The O'Malley administration estimates Maryland could raise up to $315 million a year from private investors to help pay for highways, bridges and other needed projects, Lt. Gov. Anthony G. Brown said Friday.
Some other states are doing more to tap into such financing, in which investors put up some of the money for infrastructure improvements and later share in the revenue streams, Brown told a forum of state officials and business leaders.
"Right now, Maryland doesn't look attractive to the private sector because we don't have a predictable process," said Brown, who chairs a commission looking into the state's prospects for more so-called public-private partnerships.
He told the forum at
Brown said the administration expects to propose an improved framework for public-private deals when the General Assembly convenes in January. Among the thorny questions to be resolved is how to provide the appropriate oversight of such partnerships without setting up a process that deters investors from participating.
The concept has had support from
The Joint Legislative and Executive Commission on Oversight of Public-Private Partnerships released an estimate Friday that $205 million to $315 million of the state's annual $3.1 billion capital budget – roughly 6 to 10 percent – could be raised through private sector deals. The panel estimated that projects built through such funding could yield 4,000 jobs.
Transportation is the area in which Maryland has made its biggest splash so far in the public-private arena, with its $140 million deal with Ports America Chesapeake to get the Seagirt Marine Terminal ready to handle larger container ships expected to call on East Coast ports when a widened Panama Canal opens in 2014.
In return for its investment, Ports America has been given a 50-year-lease under which it will manage the facility and take in a share of the revenue paid by shipping lines to use it.
While that January 2010 deal has been widely hailed as a model for public-private transportation deals, Maryland has announced none since then. Late last year, it pulled back from another potential deal – redevelopment of the two travel plazas on the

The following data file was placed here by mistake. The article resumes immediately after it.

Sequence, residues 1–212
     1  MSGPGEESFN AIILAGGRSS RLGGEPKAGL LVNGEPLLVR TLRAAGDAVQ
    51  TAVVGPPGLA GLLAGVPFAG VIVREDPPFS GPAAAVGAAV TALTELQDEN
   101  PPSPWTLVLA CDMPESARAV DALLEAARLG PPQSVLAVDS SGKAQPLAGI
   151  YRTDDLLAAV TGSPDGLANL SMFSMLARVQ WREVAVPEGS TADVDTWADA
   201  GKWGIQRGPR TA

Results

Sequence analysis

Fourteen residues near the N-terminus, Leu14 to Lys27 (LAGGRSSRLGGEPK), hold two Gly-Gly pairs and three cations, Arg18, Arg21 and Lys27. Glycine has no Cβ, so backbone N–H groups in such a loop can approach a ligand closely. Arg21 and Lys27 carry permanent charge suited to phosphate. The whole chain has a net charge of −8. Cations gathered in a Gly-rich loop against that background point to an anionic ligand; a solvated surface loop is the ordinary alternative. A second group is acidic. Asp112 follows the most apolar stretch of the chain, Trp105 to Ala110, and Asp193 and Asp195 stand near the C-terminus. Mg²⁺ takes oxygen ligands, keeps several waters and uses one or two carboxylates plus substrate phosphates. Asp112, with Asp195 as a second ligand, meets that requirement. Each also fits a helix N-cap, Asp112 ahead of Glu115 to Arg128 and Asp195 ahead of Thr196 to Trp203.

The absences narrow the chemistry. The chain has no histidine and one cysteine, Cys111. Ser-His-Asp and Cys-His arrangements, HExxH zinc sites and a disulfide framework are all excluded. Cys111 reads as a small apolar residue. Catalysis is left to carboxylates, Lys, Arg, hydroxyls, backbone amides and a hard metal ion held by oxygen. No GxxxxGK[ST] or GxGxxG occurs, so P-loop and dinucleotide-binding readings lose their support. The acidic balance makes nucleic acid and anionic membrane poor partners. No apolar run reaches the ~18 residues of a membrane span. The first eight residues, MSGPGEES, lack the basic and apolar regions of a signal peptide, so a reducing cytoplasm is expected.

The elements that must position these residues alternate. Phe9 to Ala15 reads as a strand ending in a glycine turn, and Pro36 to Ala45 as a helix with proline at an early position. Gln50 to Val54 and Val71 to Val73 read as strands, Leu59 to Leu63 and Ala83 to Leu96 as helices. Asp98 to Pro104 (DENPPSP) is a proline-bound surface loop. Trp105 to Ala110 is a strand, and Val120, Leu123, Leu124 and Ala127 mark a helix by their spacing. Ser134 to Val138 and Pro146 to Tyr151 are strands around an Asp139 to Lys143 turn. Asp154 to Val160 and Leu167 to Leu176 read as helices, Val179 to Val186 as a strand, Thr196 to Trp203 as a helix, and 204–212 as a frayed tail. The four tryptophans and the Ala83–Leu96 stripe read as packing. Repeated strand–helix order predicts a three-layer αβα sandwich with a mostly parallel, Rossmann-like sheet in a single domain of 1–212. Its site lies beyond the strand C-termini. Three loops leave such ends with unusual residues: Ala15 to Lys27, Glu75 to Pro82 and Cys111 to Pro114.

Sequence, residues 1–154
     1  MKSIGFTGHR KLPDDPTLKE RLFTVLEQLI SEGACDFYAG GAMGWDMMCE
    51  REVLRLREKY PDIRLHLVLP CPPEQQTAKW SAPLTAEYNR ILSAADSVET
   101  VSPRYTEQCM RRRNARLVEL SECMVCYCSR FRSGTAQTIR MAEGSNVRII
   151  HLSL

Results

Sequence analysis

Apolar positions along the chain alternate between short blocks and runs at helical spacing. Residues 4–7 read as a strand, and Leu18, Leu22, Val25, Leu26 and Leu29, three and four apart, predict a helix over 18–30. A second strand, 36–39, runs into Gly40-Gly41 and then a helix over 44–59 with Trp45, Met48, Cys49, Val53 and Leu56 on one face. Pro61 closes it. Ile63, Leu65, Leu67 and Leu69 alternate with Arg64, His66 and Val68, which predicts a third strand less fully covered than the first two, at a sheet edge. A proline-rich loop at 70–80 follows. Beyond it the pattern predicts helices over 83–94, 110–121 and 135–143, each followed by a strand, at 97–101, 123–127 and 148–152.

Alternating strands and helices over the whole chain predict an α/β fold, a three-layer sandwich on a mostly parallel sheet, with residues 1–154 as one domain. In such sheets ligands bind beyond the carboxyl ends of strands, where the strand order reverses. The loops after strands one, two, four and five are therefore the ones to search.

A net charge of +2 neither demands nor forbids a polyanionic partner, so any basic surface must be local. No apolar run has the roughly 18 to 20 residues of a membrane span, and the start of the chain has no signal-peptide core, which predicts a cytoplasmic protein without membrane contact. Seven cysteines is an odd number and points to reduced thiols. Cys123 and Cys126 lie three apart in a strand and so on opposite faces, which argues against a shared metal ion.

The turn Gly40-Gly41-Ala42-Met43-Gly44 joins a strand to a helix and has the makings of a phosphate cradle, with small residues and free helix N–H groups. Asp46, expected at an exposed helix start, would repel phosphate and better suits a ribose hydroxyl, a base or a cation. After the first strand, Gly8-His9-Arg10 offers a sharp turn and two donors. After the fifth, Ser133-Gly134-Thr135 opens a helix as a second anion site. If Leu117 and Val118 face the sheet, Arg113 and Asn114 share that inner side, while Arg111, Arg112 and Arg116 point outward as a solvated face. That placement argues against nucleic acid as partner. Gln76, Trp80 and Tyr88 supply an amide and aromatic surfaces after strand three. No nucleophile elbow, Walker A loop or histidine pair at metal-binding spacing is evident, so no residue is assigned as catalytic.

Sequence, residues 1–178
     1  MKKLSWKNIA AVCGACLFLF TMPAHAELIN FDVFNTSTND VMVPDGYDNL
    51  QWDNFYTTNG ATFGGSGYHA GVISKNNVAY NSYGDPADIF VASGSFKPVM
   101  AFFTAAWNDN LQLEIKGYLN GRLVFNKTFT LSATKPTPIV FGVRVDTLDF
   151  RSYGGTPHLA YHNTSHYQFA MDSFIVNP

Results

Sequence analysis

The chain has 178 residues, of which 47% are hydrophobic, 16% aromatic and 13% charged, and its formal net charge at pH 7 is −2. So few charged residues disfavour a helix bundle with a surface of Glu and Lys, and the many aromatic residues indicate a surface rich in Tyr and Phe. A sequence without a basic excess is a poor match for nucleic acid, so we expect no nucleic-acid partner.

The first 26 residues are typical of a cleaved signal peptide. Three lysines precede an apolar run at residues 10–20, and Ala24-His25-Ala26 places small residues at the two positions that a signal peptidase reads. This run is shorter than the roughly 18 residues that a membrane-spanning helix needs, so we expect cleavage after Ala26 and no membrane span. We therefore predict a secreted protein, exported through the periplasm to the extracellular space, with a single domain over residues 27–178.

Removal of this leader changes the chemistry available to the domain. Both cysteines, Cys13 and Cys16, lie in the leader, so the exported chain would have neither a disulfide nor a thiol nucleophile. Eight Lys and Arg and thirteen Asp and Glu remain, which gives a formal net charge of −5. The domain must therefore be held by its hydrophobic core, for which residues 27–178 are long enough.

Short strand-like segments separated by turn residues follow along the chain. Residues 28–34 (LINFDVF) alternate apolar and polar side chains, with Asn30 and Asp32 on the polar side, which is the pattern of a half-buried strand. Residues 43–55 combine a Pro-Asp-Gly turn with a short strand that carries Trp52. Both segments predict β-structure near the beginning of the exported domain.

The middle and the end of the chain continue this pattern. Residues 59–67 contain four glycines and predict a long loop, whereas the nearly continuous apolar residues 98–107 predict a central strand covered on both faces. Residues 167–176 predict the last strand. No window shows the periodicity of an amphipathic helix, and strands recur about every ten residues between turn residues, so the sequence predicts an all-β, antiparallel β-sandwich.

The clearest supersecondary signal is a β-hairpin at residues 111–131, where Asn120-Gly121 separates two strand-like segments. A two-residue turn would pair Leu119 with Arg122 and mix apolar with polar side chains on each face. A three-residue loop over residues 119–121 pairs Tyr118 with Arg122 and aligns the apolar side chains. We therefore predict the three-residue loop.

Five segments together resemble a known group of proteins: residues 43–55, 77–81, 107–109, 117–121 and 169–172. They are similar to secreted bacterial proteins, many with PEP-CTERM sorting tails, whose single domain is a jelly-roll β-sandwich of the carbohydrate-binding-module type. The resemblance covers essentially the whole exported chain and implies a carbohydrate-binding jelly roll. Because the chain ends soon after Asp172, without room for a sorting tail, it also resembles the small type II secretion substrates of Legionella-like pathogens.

The commission, which has two more meetings scheduled before it reports to O'Malley, is expected to make recommendations on how Maryland can do a better job of identifying opportunities and reaching agreements that will benefit both the public and investors.
In addition to Seagirt, the sate has other public-private partnership deals in place for housing projects at 7 state universities. Besides the travel plaza deal, others in the formative stages include the redevelopment of the State Center complex in Baltimore and construction of a new public health laboratory.
Maryland has lagged behind some of its neighbors, including Virginia and the District of Columbia, in tapping into private money for public projects. Among the proposed projects that Brown said could be considered for such financing are the Red Line and Purple Line light rail projects in Baltimore and suburban Washington and replacement of the U.S. 301 toll bridge over the Potomac River in Southern Maryland.
Brown noted that another commission recently proposed a 15-cent increase in the state's 23.5-cent-a-gallon gas tax as a way to pay for an $800 million annual backlog in transportation projects.
While he did not suggest that increase wouldn't be needed, he suggested it wouldn't be enough in the long term.
"I don't think we can raise the gas tax high enough in Maryland to address all of our transportation needs," he said.
The idea of doing more with public-private partnerships has been considered in Maryland before. It surfaced during the administration of Republican Gov.
Notwithstanding a Republican administration's interest in the concept, Del. Michael D. Smigiel Sr. said Friday that he thinks such deals are an invitation to "cronyism."
"That's going to happen no matter who you have in power," said Smigiel, an Eastern Shore Republican.
Smigiel said he'd prefer to award government projects through traditional bidding, though without regulations that tie contractors' hands.
In other states, specific public-private partnership deals have run into opposition. Most notably, former Pennsylvania Gov.
Brown emphasized that the money raised through public-private partnerships isn't free. While the financing can be stretched out through such deals, he said that ultimately the users of the infrastructure will have to pay.
"The private investors, just like the public-issue bonds, have to be repaid over time," Brown said.